There's also a question of definition: The fatality rate for Arizona kids is, overall, higher than the national average, according to statistics from the U.S. Department of Health and Human Services. But when it comes to subcategories — how many kids were murdered? how many died from abuse? — it can be a judgment call. Fatality review teams often have different standards from state to state, Durfee says, and what Arizona calls a murder might well be an accident in Nevada, or vice versa.

Still, some numbers in the 2005 report can't be ignored.

There were no cases of kids dying because of a fire (either from smoke inhalation or burns) in either 2003 or 2004. Last year, there were 20 such deaths.

In 2004, six children died because of exposure. Last year, that number rose to 19 — most of them dying during attempts to cross the border during extreme heat.

And Dr. Mary Rimsza, the pediatrician who chairs Arizona's team and also serves as medical director at ASU's Center for Health Information and Research, says she's noticed a troubling rise in suicides.

"We used to get an occasional suicide in the 10-to-14-year-old range, but last year, we had 13," she says. "And it's even occurring now in the 5-to-9-year-old range." (The report shows one suicide in that age group last year.)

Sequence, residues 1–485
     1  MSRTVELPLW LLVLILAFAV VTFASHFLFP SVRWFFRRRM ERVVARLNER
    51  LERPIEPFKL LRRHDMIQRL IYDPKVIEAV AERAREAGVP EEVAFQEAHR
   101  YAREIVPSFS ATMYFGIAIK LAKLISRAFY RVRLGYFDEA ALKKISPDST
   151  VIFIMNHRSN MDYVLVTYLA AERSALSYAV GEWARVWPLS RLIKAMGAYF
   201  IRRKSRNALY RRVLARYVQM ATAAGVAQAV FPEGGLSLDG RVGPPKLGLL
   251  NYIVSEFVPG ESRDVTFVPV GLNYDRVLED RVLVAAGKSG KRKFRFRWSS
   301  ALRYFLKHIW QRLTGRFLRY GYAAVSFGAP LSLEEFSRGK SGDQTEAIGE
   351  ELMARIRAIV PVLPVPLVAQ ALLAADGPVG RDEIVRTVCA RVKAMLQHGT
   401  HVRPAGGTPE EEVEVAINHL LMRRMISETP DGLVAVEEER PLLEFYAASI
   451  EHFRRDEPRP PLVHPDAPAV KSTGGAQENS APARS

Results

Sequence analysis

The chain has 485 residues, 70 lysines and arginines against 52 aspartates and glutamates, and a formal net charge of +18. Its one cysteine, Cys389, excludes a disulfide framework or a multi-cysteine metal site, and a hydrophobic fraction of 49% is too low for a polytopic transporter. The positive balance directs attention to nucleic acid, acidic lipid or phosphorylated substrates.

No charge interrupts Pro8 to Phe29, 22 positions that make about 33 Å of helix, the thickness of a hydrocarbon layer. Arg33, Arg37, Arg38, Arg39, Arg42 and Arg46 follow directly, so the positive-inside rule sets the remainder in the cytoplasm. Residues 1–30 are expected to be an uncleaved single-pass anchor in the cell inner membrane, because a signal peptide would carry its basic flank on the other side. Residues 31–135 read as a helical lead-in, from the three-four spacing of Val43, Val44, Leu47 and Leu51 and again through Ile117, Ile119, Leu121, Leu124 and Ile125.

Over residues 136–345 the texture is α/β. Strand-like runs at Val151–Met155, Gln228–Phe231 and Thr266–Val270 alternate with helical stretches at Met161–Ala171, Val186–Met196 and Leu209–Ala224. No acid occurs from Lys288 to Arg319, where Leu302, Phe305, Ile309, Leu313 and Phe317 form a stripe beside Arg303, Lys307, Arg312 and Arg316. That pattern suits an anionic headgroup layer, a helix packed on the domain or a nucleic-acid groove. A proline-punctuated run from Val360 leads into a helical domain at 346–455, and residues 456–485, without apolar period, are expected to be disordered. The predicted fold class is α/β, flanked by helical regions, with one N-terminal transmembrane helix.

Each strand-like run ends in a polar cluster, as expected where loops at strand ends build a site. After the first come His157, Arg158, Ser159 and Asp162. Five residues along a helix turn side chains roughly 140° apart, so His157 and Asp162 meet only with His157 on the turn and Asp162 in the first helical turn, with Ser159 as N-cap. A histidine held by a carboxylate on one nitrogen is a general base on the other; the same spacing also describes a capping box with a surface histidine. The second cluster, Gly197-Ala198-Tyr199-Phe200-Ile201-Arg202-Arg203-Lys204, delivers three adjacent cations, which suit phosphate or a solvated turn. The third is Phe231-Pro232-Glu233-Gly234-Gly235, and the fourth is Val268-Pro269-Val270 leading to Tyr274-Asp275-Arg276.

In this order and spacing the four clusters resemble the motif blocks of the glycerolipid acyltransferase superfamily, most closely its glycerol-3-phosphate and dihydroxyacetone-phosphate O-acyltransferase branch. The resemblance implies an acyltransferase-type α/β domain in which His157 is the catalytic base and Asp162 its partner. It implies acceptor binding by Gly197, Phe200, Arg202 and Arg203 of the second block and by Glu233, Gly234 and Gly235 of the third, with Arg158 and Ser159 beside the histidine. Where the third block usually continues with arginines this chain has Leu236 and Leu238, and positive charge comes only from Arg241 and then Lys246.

But it will likely be the Child Protective Services-related deaths that draw the Arizona Legislature's attention.

In 2003, at Governor Janet Napolitano's urging, the Legislature approved a mammoth funding increase for CPS, and funding has only continued to grow. Last year, the state earmarked $163 million for the Department of Children, Family, and Youth Services, almost double its allocation prior to Napolitano's election.

And though more kids than ever are in foster care, deaths from child abuse and neglect have continued to rise. The 2005 statistic isn't an anomaly, it's part of a steady uptick that began in 2002. (See "Suffer the Children," October 26, 2006.) More than two times the number of kids have died from abuse on Napolitano's watch than in a similar period under Governor Jane Hull.

Part of that, as Durfee cautions, is that the terms have changed. Rimsza, the task force chair, says that her team clarified its definition of "maltreatment" deaths in 2002 to include more cases, and numbers jumped accordingly. But it's also clear that since then, abuse-related deaths have continued to rise.

Even more troubling for the agency, more kids are being killed while their CPS files are still open.

State Senator John Huppenthal, a Chandler Republican, says that the funding increases were supposed to prevent just that. So was putting more kids in foster care.

"Their solution was, 'Pull out more kids, and the kids will be safer,'" he says. "But we've found there's no correlation between removal rates and safety. None at all. You would hope that, on some level, they would realize that this has failed."